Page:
Horse Blanket Tips

As winter approaches, be prepared to keep your horse cozy.

As winter approaches, be prepared to keep your horse cozy.

Visit Weatherbeeta for help selecting a horse blanket.

If your horse is snuggling into a blanket this winter, make sure it fits him properly.

Here are some tips:

  • The blanket should be snug around the neck, with the spine of the blanket ending at the top of the tail.
  • Surcingles should be adjusted so that you can barely get your hand sideways (about 4 inches) between the horse and the surcingle. Adjust leg straps the same way. You want them loose enough so the horse can walk and move comfortably, but not so loose that he could get a hoof caught.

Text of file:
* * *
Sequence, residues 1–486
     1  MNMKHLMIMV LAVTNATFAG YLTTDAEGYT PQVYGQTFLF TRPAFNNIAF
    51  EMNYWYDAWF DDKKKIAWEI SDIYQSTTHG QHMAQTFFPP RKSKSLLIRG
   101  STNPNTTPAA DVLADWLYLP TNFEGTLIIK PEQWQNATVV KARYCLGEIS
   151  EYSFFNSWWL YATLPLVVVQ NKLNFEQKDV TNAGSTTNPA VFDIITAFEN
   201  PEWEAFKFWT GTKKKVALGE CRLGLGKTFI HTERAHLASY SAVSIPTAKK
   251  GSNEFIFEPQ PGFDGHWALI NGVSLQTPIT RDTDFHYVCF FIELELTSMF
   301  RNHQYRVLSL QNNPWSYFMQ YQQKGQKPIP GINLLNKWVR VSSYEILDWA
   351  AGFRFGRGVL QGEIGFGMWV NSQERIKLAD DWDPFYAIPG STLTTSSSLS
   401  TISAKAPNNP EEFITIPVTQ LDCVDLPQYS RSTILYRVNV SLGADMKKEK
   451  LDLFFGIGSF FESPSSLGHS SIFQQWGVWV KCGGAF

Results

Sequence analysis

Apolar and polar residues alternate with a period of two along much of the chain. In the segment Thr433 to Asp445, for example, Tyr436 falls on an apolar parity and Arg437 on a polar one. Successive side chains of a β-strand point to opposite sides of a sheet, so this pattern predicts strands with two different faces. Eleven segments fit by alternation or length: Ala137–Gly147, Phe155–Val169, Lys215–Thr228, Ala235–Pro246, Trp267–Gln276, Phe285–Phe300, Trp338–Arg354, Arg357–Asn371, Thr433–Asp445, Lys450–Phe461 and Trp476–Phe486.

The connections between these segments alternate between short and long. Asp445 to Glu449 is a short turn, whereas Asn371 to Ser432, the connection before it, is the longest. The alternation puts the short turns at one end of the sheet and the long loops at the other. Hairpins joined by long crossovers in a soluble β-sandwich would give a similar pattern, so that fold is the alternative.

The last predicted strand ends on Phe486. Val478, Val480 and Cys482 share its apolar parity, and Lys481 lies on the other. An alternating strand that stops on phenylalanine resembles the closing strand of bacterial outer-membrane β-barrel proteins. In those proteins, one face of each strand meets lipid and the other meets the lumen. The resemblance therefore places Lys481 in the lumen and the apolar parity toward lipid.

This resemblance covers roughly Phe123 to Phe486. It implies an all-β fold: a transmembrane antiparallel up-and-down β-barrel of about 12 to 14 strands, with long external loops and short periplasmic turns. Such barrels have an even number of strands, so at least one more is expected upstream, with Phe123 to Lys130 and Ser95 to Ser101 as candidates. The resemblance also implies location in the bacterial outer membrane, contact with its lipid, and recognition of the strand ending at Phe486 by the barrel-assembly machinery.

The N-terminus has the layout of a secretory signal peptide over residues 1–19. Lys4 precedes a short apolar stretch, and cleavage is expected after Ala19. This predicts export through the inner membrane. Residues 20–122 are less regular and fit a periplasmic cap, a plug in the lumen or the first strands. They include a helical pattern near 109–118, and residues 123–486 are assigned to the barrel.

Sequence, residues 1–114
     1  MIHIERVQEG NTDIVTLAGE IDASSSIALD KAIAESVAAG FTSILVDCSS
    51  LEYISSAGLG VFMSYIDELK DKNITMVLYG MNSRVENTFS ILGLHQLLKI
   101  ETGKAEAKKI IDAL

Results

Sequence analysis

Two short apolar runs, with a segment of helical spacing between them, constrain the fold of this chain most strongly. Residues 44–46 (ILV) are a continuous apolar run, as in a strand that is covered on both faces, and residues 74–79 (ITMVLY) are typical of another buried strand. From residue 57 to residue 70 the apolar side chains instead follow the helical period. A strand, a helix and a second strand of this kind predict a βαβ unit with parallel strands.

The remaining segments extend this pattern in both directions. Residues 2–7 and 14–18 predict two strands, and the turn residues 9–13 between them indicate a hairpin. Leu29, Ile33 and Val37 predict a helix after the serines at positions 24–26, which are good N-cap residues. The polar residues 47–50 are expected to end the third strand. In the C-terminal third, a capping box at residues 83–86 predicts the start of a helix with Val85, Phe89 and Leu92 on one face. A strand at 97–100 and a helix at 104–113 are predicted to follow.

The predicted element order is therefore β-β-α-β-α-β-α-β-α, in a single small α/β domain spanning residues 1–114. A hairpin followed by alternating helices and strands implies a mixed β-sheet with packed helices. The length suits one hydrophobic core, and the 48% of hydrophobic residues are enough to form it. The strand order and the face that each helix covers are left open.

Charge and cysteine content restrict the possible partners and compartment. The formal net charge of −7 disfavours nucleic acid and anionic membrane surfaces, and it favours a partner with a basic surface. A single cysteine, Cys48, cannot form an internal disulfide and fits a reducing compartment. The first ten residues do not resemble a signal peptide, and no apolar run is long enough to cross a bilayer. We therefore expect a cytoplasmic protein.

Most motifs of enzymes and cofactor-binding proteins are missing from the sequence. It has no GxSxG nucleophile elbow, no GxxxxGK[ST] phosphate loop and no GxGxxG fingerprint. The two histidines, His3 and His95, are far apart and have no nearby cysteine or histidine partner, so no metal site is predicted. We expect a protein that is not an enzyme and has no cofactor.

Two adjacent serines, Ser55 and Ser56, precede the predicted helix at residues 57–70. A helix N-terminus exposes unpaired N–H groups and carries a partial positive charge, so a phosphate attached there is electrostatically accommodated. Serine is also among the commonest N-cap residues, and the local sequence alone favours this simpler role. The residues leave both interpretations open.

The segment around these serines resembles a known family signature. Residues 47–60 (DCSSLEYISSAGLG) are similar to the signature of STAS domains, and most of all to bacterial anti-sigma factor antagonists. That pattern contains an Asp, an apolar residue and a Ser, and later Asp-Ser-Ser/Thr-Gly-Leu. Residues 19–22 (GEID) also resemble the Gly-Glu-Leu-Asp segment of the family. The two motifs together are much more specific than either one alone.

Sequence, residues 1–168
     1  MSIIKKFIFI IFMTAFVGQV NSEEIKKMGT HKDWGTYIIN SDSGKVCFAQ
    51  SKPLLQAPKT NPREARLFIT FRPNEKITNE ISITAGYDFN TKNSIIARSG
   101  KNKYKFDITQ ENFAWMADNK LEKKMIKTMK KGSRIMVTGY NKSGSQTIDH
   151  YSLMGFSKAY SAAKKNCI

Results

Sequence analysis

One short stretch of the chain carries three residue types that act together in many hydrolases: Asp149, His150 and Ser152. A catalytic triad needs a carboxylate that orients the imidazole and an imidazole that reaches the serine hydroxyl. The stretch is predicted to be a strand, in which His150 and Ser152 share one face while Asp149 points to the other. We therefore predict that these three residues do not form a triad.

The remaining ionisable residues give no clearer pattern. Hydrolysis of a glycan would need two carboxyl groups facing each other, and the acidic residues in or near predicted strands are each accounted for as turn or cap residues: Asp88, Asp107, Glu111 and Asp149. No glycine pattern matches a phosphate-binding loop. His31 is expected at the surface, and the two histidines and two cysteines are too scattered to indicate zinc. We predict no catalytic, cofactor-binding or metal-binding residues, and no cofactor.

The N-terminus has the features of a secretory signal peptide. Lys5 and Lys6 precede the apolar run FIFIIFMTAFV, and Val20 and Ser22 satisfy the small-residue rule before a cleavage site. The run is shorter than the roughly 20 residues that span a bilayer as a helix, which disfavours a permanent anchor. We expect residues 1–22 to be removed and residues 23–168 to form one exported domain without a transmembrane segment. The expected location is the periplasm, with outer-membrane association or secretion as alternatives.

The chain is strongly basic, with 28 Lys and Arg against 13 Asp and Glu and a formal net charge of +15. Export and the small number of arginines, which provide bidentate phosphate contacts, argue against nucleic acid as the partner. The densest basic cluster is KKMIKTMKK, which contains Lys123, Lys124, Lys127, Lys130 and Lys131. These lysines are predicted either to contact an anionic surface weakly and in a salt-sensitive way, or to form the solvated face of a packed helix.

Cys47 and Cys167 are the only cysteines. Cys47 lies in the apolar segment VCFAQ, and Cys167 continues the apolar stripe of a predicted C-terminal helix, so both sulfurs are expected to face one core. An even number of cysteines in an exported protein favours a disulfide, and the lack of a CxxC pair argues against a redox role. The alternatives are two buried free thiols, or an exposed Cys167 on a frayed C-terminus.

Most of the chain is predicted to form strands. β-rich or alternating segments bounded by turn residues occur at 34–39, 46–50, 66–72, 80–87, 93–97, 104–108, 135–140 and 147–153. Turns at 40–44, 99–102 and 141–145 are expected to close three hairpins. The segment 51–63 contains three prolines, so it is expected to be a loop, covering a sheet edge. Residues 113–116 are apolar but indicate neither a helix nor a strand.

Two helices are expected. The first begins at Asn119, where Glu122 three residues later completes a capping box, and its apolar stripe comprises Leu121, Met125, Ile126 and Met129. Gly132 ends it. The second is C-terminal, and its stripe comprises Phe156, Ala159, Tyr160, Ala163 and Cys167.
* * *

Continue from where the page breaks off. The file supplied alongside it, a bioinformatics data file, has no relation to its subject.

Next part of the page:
• Crossing the leg straps at the center (between the horse’s back legs) helps reduce the chance of a hoof getting caught. Always snap to the same side of the blanket as the strap originates.
  • To measure for a new blanket, start at the center of his chest, along his side, ending in the middle of his tail. If the measurement you get is an odd number, 77 for example, round it up to the next number.

Be a better horseman! Learn how with AQHA’s Horse Training Techniques with Martin Black. Martin shows you how to look at things from your horse’s perspective to improve communication.

Washing turnout rugs and blankets

From AQHA Corporate Partner Weatherbeeta

Take your turnout rugs/blankets and stable rugs/blankets to a professional rug/blanket cleaning service that has the specialty equipment needed.

Hand-washing will, however, help to prolong the life of your rug/blanket.

Follow these simple steps:

  1. Remove excess dirt.